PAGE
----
Citing Shakespeare’s The Tempest, Damien Hirst reveals the treasures of his exhibition “The Wreck of the Unbelievable” at Punta della Dogana in Venice. The artist proposes an extravagant excercise of believe: all statues, objects and pieces were supposedly sunk in a ship named Apistos and later discovered in the Indian Ocean.
By the calm waters of the Main, in the Museumsufer, we find the Liebieghaus, a museum with an impressive collection that offers an overview of five thousand years of sculpture from Ancient Egypt to Neoclassicism. The splendid Liebieg Villa was built between the 1892 and 1896 by the architect Leonhard Romeis, and combines features of different architectural styles from all over Europe.
In 1888, the Jugendstil architect Otto Wagner built the opulent villa surrounded by nature for himself and his wife Louise. Ernst Fuchs – leading representative of Vienna’s Fantastic Realists – opened it to the public.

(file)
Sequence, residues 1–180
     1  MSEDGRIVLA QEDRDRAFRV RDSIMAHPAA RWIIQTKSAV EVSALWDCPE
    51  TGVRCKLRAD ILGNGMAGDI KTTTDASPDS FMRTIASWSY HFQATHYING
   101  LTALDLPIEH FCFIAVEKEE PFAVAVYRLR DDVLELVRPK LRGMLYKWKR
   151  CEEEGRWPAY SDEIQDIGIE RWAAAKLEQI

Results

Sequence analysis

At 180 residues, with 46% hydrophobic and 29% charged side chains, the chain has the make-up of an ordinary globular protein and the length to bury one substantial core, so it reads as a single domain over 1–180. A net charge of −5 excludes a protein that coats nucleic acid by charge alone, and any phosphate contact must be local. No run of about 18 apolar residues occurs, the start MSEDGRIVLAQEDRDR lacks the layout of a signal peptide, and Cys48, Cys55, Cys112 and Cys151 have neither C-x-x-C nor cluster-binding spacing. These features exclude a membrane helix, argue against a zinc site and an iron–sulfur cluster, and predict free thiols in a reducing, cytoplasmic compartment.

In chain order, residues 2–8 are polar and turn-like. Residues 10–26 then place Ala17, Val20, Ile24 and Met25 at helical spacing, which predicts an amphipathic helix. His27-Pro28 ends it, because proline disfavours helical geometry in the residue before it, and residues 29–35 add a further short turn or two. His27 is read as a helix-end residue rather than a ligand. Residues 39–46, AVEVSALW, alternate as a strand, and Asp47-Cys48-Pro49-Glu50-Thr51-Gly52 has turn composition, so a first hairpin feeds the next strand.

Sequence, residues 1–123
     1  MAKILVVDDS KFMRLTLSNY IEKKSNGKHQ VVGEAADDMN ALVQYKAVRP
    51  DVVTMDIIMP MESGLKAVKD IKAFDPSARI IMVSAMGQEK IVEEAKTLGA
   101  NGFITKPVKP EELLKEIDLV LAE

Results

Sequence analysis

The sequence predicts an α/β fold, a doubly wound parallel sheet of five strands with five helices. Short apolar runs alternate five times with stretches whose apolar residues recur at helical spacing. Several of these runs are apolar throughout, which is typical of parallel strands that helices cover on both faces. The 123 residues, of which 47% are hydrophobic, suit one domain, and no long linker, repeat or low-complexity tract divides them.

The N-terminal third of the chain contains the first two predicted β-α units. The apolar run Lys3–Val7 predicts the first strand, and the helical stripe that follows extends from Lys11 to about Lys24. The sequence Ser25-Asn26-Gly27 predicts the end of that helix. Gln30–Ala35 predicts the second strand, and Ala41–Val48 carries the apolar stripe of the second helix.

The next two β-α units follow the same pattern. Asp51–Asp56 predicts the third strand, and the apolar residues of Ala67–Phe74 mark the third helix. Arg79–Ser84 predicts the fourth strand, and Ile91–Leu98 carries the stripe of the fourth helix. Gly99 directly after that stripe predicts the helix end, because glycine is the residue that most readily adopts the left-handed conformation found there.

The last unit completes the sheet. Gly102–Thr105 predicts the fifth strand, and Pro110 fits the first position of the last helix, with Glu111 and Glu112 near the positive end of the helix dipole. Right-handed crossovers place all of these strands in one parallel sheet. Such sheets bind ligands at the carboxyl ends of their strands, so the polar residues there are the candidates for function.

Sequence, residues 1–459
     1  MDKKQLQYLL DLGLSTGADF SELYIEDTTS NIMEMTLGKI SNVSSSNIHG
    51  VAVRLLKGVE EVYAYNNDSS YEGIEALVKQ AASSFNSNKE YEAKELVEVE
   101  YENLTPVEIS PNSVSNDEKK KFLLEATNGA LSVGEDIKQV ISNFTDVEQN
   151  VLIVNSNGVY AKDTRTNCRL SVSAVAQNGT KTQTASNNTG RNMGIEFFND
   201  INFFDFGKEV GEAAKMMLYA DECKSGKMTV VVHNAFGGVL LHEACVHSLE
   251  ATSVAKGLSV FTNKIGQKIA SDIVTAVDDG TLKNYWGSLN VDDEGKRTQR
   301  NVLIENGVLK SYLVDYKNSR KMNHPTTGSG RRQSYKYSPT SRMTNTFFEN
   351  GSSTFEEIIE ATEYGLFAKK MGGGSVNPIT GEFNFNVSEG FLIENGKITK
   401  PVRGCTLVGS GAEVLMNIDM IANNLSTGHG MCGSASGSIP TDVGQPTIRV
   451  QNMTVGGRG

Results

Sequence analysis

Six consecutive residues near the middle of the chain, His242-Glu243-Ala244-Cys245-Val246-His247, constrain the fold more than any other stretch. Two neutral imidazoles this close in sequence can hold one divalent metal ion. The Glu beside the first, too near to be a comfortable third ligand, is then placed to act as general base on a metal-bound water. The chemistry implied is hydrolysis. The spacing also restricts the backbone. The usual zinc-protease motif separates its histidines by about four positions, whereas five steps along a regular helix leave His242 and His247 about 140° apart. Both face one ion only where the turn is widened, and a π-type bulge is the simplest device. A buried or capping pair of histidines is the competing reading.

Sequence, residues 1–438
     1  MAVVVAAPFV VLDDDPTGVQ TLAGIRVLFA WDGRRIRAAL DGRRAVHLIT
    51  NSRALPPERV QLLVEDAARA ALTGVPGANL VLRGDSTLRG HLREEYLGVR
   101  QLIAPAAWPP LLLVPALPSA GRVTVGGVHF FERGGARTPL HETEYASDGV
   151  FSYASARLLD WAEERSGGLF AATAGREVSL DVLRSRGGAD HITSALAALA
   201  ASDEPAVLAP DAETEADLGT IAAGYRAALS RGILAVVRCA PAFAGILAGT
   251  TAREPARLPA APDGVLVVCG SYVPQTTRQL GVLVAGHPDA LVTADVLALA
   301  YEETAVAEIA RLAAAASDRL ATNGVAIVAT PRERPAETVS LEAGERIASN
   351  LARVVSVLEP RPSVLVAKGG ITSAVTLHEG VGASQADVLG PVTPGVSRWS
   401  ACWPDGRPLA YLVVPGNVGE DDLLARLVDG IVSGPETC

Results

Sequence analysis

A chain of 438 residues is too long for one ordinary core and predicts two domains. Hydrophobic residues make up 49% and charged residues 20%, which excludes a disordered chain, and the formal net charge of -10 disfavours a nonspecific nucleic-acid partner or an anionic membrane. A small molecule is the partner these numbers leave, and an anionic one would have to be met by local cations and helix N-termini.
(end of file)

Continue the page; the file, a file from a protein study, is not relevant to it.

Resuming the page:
Where the golden angels are closer to heaven and the woods surround vestiges from the Viennese Jugendstil. The opulent Saint Leopold church was built between 1903 and 1907 by the architect Otto Wagner at the Steinhof Psychiatric Hospital.
Ai Weiwei reinterprets symbolism, tradition and repatriation in over-sized bronzed sculptures. After Prague, Chicago, Paris and Los Angeles, the exhibition took place in the Belvedere gardens of Vienna.